Salvia Farinacea belongs to the Lamiaceae family of flowering plants, belonging to the sage plant genus. This family of plants is also commonly known as the mint, deadnettle, or sage family. The salvia Farinacea grows in warm regions.
This herbaceous short-lived perennial is native to parts of Texas, New Mexico, and Mexico.
Farinacea grows in prairies, plains, savannahs, pastures, and woodland edges, in limestone soils between 3500′ and 6000′ feet. The plant’s flowers are a brilliant purple-blue.
Salvia Farinacea is the plant’s botanical name and pronounced [SAL-vee-uh] [far-ih-NAH-kee-uh] or [far-i-NAY-see-uh].
It is also commonly referred to as:
- Mealycup sage
- Blue sage
- Texas violet
- Victoria blue salvia
The plant is a landscaper favorite. The salvia Farinacea has a subtly fragrant scent that attracts hummingbirds, bees, and butterflies.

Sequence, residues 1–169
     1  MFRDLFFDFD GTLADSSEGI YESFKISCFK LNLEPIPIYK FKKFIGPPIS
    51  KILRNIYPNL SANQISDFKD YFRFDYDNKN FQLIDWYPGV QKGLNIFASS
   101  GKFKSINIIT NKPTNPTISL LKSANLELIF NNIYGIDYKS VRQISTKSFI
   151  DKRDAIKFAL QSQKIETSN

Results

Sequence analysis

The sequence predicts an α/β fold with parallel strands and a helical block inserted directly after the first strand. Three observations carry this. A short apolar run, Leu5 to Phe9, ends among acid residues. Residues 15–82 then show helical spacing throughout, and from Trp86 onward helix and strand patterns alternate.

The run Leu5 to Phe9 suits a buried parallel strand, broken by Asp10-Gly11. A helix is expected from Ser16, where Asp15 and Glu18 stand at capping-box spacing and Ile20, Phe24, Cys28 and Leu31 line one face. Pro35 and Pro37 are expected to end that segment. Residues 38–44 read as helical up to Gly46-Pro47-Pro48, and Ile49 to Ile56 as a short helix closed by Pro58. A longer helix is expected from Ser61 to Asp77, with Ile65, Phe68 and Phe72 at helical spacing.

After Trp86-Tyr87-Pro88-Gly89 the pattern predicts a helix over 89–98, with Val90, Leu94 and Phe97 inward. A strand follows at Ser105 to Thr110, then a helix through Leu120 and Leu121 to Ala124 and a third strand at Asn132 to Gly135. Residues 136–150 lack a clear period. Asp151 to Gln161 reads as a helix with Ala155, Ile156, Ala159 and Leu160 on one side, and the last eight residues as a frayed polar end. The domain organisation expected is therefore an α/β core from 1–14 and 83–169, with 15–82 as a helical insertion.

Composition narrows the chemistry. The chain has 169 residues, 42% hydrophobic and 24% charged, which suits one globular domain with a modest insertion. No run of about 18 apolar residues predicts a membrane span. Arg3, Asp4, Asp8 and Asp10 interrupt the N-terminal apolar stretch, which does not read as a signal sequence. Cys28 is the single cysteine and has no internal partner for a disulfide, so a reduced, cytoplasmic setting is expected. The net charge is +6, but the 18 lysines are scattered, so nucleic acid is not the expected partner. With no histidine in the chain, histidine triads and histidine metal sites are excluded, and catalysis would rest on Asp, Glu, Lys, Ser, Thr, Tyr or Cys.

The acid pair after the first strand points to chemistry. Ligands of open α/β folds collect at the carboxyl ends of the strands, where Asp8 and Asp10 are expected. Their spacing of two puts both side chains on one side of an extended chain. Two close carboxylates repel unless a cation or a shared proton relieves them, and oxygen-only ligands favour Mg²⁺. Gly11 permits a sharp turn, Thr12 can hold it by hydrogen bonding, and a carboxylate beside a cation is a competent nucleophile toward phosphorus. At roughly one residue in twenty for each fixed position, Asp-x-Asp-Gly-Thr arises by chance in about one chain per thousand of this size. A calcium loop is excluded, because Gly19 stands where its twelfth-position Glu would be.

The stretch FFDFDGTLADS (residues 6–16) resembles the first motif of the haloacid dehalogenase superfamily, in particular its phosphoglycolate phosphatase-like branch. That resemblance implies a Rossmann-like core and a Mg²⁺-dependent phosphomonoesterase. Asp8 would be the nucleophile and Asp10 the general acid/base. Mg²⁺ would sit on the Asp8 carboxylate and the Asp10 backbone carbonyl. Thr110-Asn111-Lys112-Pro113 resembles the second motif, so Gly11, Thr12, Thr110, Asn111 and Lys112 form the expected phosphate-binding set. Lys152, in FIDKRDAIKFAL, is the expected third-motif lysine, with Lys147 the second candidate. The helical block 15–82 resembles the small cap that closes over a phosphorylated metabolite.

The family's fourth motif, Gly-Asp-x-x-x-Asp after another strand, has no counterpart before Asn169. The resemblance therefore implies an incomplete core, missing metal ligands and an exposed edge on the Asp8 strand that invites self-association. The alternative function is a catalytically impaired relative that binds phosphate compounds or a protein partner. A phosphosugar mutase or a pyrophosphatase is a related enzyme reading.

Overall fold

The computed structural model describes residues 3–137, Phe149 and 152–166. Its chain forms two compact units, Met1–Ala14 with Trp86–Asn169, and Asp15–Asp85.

Salvia Farinacea Care
Let’s look into how you care for this plant.
Size & Growth
The salvia Farinacea grows up to four feet tall, forming foliage mounds up to four feet wide in its native habitat. When cultivated, it typically grows up to 18″ inches tall.
Its lance-shaped leaves grow to about 3″ inches long, drooping towards the ground when in full bloom. Salvias tend to have hairy, velvety leaves; their shininess makes them stand out from other plants.
Farinacea means mealy, which means flour in Latin. The name refers to the fine silver colored hairs that cover the plant’s leaves.
Flowering & Fragrance
The salvia blooms from early summer to the first frost, typically between April and October, depending on the region.
Its flowers grow on erect, branching, square stems. The plant’s two-lipped purple-blue flowers grow to between 4″ and 8″ inches. The plant’s flowers are sometimes a silvery-white color.
Light & Temperature
The salvia requires light for germination. Medium to medium-high levels of light is optimal. They also do well in partially shady conditions, which is essential to salvia farinacea care.
Temperatures must reach 65° – 70° degrees Fahrenheit for germination. On average, it takes 14 days for the plant to emerge.